The workshop is on Friday and Saturday in Atlanta at Emory and is part of the ongoing good work of Martha Fineman’s Vulnerability and the Human Condition Initiative, which we’ve posted about a couple of time before (click here for older posts).  This one looks particularly top notch and exciting (osgoode’s Atlanta secret agent, Stu Marvel used the term of art “doozy”).  If you can’t imagine how a conference of legal academics could be so exciting, well…click through the image below for a bigger version, and have a look at the agenda.

The starting point to all the conversations is Fineman’s vulnerability approach, which you can read about in this open source, on SSRN, which provides a good introduction:

or you can take a shortcut by looking at this page on the Initiative’s website, Definitions.  The Initiative also maintains a publications list, here, and they have this great archive of interviews with all their visiting scholars, here. The website really is a treasure trove of stuff with lots of neat corners and great links – and it will spark ideas on how to provide a really useful web resource.    I am going to spend time in there, since I am not going to Atlanta. I know that those two things are not remotely similar but I will take what I can get. poster for the "uncomfortable conversation" listing speakers and topics. click through to the emory website.





The Uniform Sister-wife Act: Ensuring A Fair Share of the “Marital Pie ” – Jotwell: Family Law

Camille Gear Rich reviews Adrienne D. Davis’ new article from the Columbia Law Review.

The Uniform Sister-wife Act: Ensuring A Fair Share of the “Marital Pie ” – Jotwell: Family Law.

Adrienne Davis’s recent article, Regulating Polygamy: Intimacy, Default Rules and Bargaining for Equality, is a must read for family law scholars, marriage equality scholars, as well as anyone interested in understanding the limits of contemporary analogies made between gay marriage and polygamy.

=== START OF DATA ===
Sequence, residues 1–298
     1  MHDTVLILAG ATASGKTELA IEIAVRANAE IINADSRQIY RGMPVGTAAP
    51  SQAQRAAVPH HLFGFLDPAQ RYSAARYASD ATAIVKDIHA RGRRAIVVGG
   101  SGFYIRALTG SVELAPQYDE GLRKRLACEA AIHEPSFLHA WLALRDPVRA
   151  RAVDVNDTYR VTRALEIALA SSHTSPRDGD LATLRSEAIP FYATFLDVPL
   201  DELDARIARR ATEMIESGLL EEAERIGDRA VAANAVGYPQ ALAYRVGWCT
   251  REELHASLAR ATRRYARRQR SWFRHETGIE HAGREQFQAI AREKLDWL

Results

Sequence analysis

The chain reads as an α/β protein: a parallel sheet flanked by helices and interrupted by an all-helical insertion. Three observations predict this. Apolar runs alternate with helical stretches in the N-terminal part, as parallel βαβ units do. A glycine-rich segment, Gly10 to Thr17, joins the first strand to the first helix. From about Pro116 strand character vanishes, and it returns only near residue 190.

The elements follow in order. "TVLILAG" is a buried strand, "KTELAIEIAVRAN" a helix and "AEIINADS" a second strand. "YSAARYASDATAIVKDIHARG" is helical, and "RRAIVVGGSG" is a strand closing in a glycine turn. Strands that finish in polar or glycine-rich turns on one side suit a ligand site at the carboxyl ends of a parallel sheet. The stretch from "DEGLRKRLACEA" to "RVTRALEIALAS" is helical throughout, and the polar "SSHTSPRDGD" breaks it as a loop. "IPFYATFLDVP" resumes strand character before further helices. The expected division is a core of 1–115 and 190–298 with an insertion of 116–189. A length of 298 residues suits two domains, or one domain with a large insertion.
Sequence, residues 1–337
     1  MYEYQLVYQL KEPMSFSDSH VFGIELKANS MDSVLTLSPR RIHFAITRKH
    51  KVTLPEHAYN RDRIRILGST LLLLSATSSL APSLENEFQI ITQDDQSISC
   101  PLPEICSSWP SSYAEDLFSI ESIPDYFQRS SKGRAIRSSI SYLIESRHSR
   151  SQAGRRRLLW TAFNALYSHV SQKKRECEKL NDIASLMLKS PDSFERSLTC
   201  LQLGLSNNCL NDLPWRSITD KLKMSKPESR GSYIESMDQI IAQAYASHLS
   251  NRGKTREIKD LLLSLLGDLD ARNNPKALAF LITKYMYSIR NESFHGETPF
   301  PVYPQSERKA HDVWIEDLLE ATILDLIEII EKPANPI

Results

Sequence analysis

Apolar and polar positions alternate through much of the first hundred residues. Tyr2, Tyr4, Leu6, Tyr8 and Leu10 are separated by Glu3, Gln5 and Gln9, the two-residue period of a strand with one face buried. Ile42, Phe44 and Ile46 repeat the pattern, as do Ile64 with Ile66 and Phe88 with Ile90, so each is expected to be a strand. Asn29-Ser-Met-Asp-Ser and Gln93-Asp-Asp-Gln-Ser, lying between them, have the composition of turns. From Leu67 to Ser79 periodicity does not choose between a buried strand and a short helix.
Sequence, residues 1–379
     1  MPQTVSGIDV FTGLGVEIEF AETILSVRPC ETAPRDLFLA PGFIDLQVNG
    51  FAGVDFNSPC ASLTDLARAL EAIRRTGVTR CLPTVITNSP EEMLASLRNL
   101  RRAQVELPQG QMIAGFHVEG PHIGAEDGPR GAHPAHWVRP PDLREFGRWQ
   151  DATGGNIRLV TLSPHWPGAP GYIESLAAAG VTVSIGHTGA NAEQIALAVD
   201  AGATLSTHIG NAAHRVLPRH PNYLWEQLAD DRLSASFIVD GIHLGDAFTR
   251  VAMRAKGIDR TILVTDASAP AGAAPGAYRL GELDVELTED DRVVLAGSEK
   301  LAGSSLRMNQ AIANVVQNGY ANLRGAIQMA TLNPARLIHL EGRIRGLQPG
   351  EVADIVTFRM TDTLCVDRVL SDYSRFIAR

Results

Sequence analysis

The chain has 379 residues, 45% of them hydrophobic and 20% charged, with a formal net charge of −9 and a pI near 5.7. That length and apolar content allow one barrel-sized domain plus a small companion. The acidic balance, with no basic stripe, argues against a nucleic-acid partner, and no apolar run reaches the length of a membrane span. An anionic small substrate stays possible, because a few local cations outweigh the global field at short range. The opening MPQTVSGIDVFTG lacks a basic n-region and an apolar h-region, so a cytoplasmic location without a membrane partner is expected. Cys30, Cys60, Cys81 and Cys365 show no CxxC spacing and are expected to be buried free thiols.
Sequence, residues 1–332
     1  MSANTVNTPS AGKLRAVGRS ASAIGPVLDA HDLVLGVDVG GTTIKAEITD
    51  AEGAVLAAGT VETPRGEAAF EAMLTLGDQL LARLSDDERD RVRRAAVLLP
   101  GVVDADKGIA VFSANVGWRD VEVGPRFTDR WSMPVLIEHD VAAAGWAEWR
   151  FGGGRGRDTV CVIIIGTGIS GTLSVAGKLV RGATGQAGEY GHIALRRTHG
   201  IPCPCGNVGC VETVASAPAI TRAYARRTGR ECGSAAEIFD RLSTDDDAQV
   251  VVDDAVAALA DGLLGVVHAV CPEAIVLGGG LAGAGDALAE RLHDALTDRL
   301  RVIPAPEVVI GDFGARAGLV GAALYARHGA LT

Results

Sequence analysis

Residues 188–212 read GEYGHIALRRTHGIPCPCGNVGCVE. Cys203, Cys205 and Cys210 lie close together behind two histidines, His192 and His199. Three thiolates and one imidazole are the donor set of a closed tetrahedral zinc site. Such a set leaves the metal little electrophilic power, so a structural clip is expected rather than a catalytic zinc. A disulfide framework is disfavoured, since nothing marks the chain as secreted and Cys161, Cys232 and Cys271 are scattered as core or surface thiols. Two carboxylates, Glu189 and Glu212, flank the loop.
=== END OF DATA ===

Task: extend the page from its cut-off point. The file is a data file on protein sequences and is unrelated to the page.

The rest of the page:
Well, that list definitely includes me.

Leckey likes Monk (lots!) at jotwell equality: The Problem of (condemning) Homophobic Bullying

Even as we celebrate the news that the UN Sec’y General has said that homophobic bullying is a grave human rights violation,

It affects young people all the way through to adulthood, causing enormous and unnecessary suffering. Bullied children may become depressed and drop out of school. Some are even driven to suicide.

can i urge you all to take a look at Robert Leckey’s review of  Daniel Monk (Birkbeck), Challenging Homophobic Bullying in Schools: The Politics of Progress, 7 (2) Int’l J. L. Context 181 (2011at Jotwell Equality?  And then of course, read the original article here (not available free of charge as far as I can tell, curses! *tangent: see Danah Boyd’s excellent and important ‘rant’ on academic publishing here)?  Leckey writes approvingly (inter alia) of Monk’s “counterintuitive” argument that:

the problematization of homophobic bullying has ushered in a shift by which the negative characteristics once associated with homosexuality are now associated with the victims of bullying. “Development into successful normal adulthood is not ‘arrested’ by paternal or maternal attachment, but rather by homophobia itself. In other words, the development question now is not, ‘What makes someone homosexual?’, but instead ‘What makes someone behave in a way that fails to conform to heteronormative behaviour’.” The queer youth remains “a reassuringly distinct and tragic ‘other’ from that of the heterosexual.” Now the developmental cause is not homosexuality, but bullying. The upshot? Queer youth still need help.